Realistically I think we can only say that the WD teams have an outside chance of medals owing to the strength of the opposition. However, it’s interesting to observe that Korean badminton coaches enjoy plenty of success working away from home. I’ve already mentioned Park Joo-Bong and Japan, there is also Kang Kyung-jin who works with the Chinese squad plus Coach Kim who worked in India with PV Sindhu in the period she became World Champion.
China, Japan and Indonesia look set to see off opposition from the other nations for the doubles crowns. I adore following doubles; the tactics, tempo and talent mean that for fans the spectacle is second-to-none. The spine-tingling experience of watching the spotlit pairs as they play for glory at the All England is a joy. Ahsan & Setiawan had a fantastic 2019 and it would be wonderful to see them defend their title. As the tournament progresses, the tension will rise, legs will tire and towards the end it’s mental strength and an athletes appetite for the fight that gets them to the podium. May the best team win!
A new year with old rivalries and the added piquancy of the Olympics in July. We are six months away from the biggest athletic event on the planet, the intensity and desire for success is going to build with each tournament and this all adds up to a scintillating few months in prospect for fans. The anticipation of qualification is offset by the dread of failure. 2020 has started with some thrilling matches; finals day at Istora was a cauldron of raw emotion – who didn’t relish those results with utter joy? What have we learned in January, who is up for the fight? Who has that podium in Tokyo in their sights?
TAI Tzu Ying has been treading a different path to her rivals this year. She is cherry-picking the best tournaments to support her ambition. This feels like an athlete with a plan and along with her coaches she understands that entering every tournament is not the effective way for her to achieve her goal. Getting the balance right between training, competition and fitness is what coaches are paid to do. I think it’s been a stroke of genius to play in the PBL. It has freshened up the daily grind, there are some excellent training partners for her and she gets to play matches that are important but it’s not a catastrophy to lose. For instance, only 16 years old but Gayatri Gopichand took a set off TTY in the PBL whilst playing for Chennai Superstarz – now here is a girl with ambition!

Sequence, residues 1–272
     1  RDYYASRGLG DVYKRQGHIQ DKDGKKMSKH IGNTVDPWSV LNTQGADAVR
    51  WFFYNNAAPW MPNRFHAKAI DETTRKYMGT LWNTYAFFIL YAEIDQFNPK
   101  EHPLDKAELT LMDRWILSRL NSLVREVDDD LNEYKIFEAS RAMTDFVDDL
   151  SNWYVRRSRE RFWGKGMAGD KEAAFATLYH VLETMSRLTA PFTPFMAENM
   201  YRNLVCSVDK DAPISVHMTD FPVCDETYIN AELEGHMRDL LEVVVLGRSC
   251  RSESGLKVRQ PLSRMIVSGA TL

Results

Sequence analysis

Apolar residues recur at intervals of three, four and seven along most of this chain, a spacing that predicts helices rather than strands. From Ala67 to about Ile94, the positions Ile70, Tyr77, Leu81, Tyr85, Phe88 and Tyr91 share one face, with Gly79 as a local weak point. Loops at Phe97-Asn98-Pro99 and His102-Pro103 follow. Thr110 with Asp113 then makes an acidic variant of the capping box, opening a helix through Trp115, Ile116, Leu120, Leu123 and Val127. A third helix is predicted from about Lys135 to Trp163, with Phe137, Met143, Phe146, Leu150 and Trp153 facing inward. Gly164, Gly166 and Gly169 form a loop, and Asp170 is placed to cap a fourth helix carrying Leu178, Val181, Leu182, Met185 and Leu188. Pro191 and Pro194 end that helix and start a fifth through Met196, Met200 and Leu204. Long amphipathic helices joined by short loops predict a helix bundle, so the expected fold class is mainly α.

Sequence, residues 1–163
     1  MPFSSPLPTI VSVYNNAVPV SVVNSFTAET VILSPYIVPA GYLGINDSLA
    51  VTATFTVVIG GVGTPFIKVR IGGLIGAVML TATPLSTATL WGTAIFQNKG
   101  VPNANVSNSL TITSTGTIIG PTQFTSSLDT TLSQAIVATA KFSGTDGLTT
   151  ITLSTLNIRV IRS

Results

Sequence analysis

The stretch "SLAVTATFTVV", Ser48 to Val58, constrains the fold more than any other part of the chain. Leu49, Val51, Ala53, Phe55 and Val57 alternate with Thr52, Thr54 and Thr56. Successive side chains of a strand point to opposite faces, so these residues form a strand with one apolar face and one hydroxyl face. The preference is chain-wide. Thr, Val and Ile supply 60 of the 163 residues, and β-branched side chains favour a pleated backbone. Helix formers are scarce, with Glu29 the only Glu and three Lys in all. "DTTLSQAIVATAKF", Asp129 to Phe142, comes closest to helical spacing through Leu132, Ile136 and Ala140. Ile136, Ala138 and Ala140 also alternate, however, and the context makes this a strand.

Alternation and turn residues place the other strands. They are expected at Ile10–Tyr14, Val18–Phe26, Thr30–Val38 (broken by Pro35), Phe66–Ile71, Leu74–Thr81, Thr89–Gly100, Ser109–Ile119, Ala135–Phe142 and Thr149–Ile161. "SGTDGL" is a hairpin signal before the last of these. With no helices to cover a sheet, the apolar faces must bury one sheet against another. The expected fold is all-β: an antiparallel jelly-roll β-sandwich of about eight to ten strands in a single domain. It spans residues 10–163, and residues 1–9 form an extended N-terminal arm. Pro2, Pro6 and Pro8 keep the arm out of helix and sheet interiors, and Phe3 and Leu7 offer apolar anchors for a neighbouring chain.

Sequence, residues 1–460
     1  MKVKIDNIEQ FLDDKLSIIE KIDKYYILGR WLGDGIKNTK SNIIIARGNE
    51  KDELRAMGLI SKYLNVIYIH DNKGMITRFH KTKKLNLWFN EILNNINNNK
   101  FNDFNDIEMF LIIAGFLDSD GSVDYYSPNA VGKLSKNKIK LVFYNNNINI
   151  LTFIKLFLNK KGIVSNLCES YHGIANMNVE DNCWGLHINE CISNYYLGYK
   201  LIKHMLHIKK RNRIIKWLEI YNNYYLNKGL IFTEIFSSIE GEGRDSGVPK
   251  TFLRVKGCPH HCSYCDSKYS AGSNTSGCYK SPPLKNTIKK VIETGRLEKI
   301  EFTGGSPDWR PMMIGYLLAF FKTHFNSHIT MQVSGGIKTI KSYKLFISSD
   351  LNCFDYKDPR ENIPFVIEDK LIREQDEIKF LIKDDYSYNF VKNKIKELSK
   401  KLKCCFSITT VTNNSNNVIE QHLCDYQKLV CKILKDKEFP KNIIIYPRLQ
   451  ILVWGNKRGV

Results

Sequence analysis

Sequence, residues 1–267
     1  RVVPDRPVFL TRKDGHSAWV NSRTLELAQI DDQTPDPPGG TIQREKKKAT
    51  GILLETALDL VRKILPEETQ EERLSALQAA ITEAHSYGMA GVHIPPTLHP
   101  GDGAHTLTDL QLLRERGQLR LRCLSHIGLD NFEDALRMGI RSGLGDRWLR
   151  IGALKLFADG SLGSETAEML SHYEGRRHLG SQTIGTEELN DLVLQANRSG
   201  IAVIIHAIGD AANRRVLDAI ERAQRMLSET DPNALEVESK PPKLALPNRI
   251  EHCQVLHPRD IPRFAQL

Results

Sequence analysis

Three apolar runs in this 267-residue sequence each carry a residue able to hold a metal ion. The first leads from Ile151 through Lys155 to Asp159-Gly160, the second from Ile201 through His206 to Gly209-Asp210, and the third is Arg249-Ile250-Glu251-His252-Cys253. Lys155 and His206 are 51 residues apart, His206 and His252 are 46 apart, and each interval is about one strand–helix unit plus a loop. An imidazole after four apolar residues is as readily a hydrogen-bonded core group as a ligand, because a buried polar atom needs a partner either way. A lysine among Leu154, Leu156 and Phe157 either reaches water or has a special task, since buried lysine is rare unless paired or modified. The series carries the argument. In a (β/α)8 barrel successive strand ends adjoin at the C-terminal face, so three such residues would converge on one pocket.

As ever, this is the most dynamic, exciting sector of badminton with the best athletes. Head-to-head battles between the top 20 players are often gloriously unpredictable. In contrast to the men’s game there is no dominant player except that CHEN Yufei won 7 tournaments in 2019 and significantly she does not lose finals. As current World #1 she started 2020 in good form and won the Malaysia Masters by beating TAI Tzu Ying in two sets. Crucially she hasn’t built upon this opportunity to dominate; she was knocked out of the Indonesian Masters on the second day by the unseeded Line Kjaersfeldt.